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India’s rarest wild cat Caracal – Burning Issues – Free PDF Download


Now critically endangered

  • The National Board for Wildlife and Union Ministry of Environment, Forest and Climate Change included the caracal, a medium-sized wildcat found in parts of Rajasthan and Gujarat, in the list of critically endangered species.
  •  Though not under grave threat in its other habitats, the animal is on the verge of extinction in India. The recovery programme for critically endangered species in India now includes 22 wildlife species.


  • The caracal (Caracal caracal) is a medium-sized wild cat native to Africa, the Middle East, Central Asia, and India.
  • It is characterised by a robust build, long legs, a short face, long tufted ears, and long canine teeth.
  • Its coat is uniformly reddish tan or sandy.
  • It was first scientifically described by German naturalist Johann Christian Daniel von Schreber in 1776. Three subspecies are recognised.

  • Typically nocturnal, the caracal is highly secretive and difficult to observe.
  •  It is territorial, and lives mainly alone or in pairs. The caracal is a carnivore that typically preys upon small mammals, birds, and rodents.
  •  It can leap higher than 4 metres (12 ft) and catch birds in midair. It stalks its prey until it is within 5 m (16 ft) of it, after which it runs it down and kills its prey with a bite to the throat or to the back of the neck.
  • Caracals are not declining in most of their range, but there are still threats to their populations. These include habitat destruction due to agriculture and retaliation killing, as caracals will hunt small livestock if given the opportunity.
  • The species is legally protected throughout much of its range. Landowners in Namibia and South Africa are permitted to kill a caracal when it is considered a threat to their property.
  • India, the caracal is found in several dozen countries across Africa, the Middle East, Central and South Asia.
  • While it flourishes in parts of Africa, its numbers in Asia are declining.

More about Wildcat

  • It has long legs, a short face, long canine teeth, and distinctive ears — long and pointy, with tufts of black hair at their tips.
  • The iconic ears are what give the animal its name — caracal comes from the Turkish karakulak, meaning ‘black ears’. In India, it is called siya gosh, a Persian name that translates as ‘black Ear’.
  •  A Sanskrit fable exists about a small wild cat named deergha-karn or ‘long-eared’.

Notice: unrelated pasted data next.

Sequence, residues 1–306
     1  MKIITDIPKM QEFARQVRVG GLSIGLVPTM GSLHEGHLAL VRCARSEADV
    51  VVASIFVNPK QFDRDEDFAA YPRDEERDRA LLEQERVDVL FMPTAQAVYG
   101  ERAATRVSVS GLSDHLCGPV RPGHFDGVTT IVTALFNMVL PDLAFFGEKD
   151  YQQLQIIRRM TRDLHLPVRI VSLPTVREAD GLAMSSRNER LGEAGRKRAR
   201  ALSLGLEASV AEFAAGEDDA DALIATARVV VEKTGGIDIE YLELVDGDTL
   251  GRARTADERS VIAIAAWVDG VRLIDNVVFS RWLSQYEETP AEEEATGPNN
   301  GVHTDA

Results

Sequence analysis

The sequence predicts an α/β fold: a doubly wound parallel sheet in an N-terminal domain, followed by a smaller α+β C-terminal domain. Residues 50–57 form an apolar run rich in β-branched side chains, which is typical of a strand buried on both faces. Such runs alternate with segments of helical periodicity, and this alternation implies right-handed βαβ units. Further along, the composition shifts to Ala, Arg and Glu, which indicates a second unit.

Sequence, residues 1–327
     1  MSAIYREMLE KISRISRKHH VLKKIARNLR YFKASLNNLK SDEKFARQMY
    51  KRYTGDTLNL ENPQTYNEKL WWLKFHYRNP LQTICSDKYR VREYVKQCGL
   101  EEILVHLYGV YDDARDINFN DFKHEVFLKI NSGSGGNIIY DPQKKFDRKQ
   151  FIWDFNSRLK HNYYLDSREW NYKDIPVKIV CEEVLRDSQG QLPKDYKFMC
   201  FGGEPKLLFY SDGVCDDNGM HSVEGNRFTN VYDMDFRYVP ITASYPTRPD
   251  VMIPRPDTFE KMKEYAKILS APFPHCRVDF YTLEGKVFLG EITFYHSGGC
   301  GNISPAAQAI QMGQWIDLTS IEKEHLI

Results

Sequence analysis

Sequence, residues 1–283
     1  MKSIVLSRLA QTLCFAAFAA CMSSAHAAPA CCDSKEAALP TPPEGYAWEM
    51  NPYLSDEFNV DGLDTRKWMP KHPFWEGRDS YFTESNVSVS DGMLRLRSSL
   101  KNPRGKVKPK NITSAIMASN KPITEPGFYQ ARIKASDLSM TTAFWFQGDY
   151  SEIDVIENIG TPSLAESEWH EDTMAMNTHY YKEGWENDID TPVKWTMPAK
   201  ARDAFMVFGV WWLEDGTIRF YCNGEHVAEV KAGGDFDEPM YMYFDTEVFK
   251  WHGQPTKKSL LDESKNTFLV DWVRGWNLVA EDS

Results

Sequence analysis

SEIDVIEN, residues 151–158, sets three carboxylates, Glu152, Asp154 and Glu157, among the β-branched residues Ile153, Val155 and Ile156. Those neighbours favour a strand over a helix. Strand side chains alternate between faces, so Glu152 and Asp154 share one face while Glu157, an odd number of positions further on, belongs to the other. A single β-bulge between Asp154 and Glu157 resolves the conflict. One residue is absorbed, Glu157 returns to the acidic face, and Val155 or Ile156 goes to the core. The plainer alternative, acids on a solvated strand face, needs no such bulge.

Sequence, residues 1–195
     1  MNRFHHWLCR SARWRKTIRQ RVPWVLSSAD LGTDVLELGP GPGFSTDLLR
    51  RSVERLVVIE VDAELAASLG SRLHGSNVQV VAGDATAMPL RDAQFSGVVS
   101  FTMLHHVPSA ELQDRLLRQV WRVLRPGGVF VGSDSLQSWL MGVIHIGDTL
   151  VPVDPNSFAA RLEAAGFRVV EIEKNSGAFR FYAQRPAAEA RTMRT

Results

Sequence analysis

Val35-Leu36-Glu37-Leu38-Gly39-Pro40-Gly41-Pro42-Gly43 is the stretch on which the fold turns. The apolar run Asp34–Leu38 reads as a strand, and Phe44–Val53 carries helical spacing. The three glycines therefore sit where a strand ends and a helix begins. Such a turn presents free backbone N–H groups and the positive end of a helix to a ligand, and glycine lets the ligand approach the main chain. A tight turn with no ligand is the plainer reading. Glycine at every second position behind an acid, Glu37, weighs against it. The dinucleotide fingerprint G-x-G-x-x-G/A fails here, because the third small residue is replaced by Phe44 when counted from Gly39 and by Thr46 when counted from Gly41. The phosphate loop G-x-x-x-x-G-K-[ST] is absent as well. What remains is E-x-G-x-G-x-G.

• The earliest evidence of the caracal in the subcontinent comes from a fossil dating back to the civilisation of the Indus Valley c. 3000-2000 BC, according to a reference in ‘Historical and current extent of occurrence of the Caracal in India’, one of the few published studies on the animal.
  • Firuz Shah Tughlaq (1351-88) had siyah-goshdar khana, stables that housed large numbers of coursing caracal. It finds mention in Abul Fazl’s Akbarnama, as a hunting animal in the time of Akbar (1556-1605).
  • Descriptions and illustrations of the caracal can be found in medieval texts such as the Anvar-i-Suhayli, Tutinama, Khamsa-e-Nizami, and Shahnameh.
  • The caracal’s use as a coursing animal is believed to have taken it far beyond its natural range to places like Ladakh in the north to Bengal in the east.
  •  The East India Company’s Robert Clive is said to have been presented with a caracal after he defeated Siraj-ud-daullah in the Battle of Plassey (1757).

Decreasing Numbers

  • The caracal has historically lived in 13 Indian states, in nine out of the 26 biotic provinces.
  • In the period before Independence, the animal roamed an estimated area of 7.9 lakh sq km; between then and 2000, however, this habitat shrunk by almost a half.
  •  After 2001, sightings have been reported from only three states.
  • From 2001 to 2020, the reported extent of occurrence further decreased by 95.95%, with current presence restricted to 16,709 sq km, less than 5% of the caracal’s reported extent of occurrence in the 1948-2000 period
  • The caracal could be earlier found in arid and semi-arid scrub forest and ravines in Rajasthan, Delhi, Haryana, Punjab, Gujarat, Madhya Pradesh, Uttar Pradesh, Maharashtra, Andhra Pradesh, Telangana, Odisha, Jharkhand, and Chhattisgarh. Today, its presence is restricted to Rajasthan, Kutch, and parts of MP.
  • The caracal is rarely hunted or killed
  • animal being captured to be sold as exotic pets
  •  loss of habitat and increasing urbanisation.
  • The listing of the caracal as critically endangered is expected to bring central funding to conservation efforts.
  •  It is likely to ensure that the animal is studied comprehensively for the first time, including its home range, population, prey, etc
  • A taxon is critically endangered when the best available evidence indicates that it meets any of the following criteria:
  • Populations have declined or will decrease, by greater than 80% over the last 10 years or three generations.
  • Have a restricted geographical range.
  • Small population size of less than 250 individuals and continuing decline at 25% in 3 years or one generation.
  • Very small or restricted population of fewer than 50 mature individuals.
  • High probability of extinction in the wild.

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